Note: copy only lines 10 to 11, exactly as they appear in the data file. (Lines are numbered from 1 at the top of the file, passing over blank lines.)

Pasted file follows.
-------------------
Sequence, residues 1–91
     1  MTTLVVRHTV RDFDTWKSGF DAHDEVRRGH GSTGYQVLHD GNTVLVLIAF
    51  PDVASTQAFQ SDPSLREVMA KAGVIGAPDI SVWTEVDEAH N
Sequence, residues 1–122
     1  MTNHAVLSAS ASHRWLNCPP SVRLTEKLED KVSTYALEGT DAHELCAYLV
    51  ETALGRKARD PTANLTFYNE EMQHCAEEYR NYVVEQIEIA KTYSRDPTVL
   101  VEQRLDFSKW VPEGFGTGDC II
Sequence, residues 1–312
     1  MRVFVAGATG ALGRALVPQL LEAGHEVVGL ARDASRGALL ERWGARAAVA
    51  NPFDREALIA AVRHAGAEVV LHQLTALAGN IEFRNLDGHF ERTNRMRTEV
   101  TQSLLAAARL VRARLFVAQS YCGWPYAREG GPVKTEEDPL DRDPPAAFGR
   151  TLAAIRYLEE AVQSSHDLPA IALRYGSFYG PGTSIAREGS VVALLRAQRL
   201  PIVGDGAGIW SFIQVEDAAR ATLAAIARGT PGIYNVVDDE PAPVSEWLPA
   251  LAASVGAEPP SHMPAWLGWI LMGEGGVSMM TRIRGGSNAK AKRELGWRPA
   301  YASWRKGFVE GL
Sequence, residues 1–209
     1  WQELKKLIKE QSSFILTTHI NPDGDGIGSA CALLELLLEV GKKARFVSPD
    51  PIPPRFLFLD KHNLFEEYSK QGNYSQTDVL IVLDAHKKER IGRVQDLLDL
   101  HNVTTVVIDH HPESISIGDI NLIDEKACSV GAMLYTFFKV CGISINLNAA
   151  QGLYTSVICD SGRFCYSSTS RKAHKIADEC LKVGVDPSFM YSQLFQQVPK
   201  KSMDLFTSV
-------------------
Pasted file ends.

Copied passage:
    51  NPFDREALIA AVRHAGAEVV LHQLTALAGN IEFRNLDGHF ERTNRMRTEV
   101  TQSLLAAARL VRARLFVAQS YCGWPYAREG GPVKTEEDPL DRDPPAAFGR